This book is many things – it’s place writing, its memoir, it’s local history, it’s weird fiction, it’s psychogeography, it’s political. It’s the kind of book I’d like to write.
It begins on a personal note (though whether this is a fiction I’m not sure about now) with the author wanting some space away from his family, and so he explores the marshes near Hackney and Walthamstow with his dog. He walks, he occasionally talks to people, and gets inspired and starts to learn more about the area, digging out local stories and histories.
There’s no set pattern, but what Rees does often in this book is give us a chapter of walking mixed in with history, followed by a piece of fiction, often of a weird or speculative nature, that has come from that bit of history.
There’s a brilliant bit about a couple of nineteenth century industrialists based in the marshes, Hazlehust and Whipple, which he then takes forward in time to the twenty first century marshes where they are confused and then confronted by a group of east London teenagers who are amused at these anachronistic dandies in front of them.
In another section, Rees talks about how during the Second World War people would, contrary to the popular myth of bravery, run from their houses to the marshes to evade German bombing raids, and then follows his imagination to a story about a whole class of people living out in the marshes, rebelling against a technology-run London, to whom people would come to touch and see tangible, non-electronic items from the not-too-distant past.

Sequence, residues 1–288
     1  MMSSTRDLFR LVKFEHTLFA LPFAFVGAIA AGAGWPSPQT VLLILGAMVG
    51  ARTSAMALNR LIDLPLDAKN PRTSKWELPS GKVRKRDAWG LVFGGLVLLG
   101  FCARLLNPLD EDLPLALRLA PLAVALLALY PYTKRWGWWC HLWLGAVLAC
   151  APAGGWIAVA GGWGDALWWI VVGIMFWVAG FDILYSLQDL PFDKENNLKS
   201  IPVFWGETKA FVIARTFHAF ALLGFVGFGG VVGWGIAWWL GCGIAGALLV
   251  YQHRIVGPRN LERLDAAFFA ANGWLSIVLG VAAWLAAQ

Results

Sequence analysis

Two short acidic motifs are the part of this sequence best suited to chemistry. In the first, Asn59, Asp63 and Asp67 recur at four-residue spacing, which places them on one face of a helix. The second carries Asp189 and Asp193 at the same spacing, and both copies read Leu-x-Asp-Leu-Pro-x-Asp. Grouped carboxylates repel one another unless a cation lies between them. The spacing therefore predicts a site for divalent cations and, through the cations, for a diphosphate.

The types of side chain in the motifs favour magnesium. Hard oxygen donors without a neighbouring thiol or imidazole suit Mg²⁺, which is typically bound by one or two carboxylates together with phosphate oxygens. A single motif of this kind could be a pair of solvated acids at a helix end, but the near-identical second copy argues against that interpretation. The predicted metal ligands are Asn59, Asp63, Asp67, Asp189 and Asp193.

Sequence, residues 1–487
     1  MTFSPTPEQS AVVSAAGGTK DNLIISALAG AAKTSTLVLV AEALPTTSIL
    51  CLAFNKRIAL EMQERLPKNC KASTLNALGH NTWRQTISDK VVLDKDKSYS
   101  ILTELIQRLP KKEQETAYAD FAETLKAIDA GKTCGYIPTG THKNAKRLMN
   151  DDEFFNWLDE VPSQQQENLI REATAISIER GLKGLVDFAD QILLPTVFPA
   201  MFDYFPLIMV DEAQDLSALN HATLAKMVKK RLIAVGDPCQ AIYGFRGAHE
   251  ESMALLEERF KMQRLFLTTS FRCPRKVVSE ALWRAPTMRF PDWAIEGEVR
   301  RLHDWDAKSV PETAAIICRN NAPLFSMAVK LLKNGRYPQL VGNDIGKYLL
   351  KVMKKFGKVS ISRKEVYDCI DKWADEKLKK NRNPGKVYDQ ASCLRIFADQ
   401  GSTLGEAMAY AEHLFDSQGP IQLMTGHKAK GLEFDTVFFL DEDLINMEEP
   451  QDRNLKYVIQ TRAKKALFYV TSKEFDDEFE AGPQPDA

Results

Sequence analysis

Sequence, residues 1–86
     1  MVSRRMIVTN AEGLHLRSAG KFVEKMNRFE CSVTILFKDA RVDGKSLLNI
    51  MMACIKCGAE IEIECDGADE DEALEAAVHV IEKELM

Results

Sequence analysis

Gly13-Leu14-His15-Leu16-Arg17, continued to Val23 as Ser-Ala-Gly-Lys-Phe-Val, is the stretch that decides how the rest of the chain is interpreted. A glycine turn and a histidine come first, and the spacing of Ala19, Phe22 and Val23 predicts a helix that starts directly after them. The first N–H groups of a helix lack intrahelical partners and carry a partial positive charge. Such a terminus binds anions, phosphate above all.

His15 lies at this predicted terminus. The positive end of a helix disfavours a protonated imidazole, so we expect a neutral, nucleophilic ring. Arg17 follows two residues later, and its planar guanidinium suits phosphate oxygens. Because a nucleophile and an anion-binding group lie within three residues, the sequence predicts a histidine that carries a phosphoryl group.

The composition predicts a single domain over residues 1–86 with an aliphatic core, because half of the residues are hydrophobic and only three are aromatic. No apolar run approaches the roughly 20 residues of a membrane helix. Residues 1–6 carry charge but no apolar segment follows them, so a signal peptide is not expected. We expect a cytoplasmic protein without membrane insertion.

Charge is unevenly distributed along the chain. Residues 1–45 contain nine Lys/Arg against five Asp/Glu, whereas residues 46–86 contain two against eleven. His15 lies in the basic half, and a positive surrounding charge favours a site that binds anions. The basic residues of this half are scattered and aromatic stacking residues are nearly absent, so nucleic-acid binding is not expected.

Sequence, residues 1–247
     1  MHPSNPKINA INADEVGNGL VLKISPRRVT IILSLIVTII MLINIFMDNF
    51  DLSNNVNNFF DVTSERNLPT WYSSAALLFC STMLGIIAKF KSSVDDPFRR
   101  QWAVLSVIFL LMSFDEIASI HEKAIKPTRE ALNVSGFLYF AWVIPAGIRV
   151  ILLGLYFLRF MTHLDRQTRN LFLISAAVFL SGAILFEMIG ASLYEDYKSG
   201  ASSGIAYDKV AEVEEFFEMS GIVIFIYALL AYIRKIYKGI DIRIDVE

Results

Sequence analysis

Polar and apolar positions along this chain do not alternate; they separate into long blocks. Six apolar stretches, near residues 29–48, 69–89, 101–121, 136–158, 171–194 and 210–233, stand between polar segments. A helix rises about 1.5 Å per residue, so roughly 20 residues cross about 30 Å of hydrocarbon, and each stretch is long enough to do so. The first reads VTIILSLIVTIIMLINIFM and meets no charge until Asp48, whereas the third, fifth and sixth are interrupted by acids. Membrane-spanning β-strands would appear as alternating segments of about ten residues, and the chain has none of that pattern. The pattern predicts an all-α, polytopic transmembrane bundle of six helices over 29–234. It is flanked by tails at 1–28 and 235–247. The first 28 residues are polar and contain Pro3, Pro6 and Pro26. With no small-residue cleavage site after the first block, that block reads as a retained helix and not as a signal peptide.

There are some strong political themes to the book – land ownership and the commons, the city and its edges, technology and nature, dystopia and the always unfinished nature of the world. But there’s so much more than this too.
It’s in the tradition of JG Ballard interspersed with John Gray and Ian Sinclair and Benjamin Myers and so many others. I can’t speak highly enough of this original, fun and thought-provoking book.